On Your Bike

It was always our intention to stay overseas as long as possible, to make the most of this opportunity to travel and show our kids just how big and interesting this world of ours is. Our funds were limited, but we’d come up with a few strategies to reduce our costs and make our Dollar/Euro/Pound stretch a bit further.

One of these was to try our hand at housesitting – looking after strangers’ houses and/or pets while they take a break and do some travelling themselves. There are many platforms out there, but after doing a bit of research, we elected to join up to two – Nomador and Trusted Housesitters (TH). About a month before we left Australia, a sit came up on TH in rural Somerset, England. We’d always planned to jump across the channel the UK while we were on this side of the globe, to visit friends and see some of the places our ancestors came from.

To my surprise, they accepted our application and we had dates locked in – UK in August, right in the middle of summer. It was a double win because it’s supposed to be about the only time the weather in Somerset is bearable, but also it would give us a chance to escape the searing Iberian summer heat, when Spain is traditionally at its least bearable.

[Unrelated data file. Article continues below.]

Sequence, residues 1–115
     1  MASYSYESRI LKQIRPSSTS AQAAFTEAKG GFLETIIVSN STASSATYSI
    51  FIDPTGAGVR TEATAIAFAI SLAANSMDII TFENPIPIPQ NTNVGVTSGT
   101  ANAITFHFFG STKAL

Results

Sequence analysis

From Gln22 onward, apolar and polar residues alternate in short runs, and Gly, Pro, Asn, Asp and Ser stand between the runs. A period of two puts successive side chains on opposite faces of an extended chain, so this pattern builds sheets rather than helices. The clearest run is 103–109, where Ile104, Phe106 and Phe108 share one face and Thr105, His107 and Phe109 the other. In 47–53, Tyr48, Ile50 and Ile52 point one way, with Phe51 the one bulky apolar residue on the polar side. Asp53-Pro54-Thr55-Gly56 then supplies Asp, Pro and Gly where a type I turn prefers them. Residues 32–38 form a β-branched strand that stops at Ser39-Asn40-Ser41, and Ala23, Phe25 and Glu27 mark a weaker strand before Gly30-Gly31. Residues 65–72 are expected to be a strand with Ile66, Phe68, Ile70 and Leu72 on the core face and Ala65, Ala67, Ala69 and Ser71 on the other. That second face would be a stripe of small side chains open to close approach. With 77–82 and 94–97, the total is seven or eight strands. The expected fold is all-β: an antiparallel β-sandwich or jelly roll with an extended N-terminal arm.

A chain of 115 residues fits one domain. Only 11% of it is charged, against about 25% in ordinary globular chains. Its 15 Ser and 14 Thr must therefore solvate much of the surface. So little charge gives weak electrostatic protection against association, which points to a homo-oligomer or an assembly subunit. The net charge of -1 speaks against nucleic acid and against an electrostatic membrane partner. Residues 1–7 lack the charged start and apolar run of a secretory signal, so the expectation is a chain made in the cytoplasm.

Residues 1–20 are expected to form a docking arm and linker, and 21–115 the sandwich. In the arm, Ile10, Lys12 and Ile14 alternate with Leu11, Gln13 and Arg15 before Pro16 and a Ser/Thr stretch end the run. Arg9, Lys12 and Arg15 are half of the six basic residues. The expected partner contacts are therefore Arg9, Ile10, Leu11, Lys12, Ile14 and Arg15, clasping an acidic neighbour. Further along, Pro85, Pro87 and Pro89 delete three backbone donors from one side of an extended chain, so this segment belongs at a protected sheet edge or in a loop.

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There are many hills in Somerset. This was just one of them.

So August came and we landed at Stanstead. As the date for the housesit approached another idea started forming in my mind. Another of our travel objectives is to minimise our environmental impact while passing through the landscape – admittedly not easy when you’re flying to the other side of the world – but we’ve been trying to achieve this goal by using public transport or walking whenever possible. The property we’d signed up to sit was about 25km outside the main regional centre, Taunton. What if, I thought, we were to hire or buy second hand bikes and ride there?

Now Mem’s written a separate article on our growing love affair with bicycles, so I won’t go into too much detail about the ride itself. But in researching the idea I discovered a really fantastic organisation from whom we ended up hiring four bikes and a trailer for our Somerset adventure.

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Riding’s not all about movement. Sometimes you just have to stop and smell the roses – or pick the blackberries like El Chico here.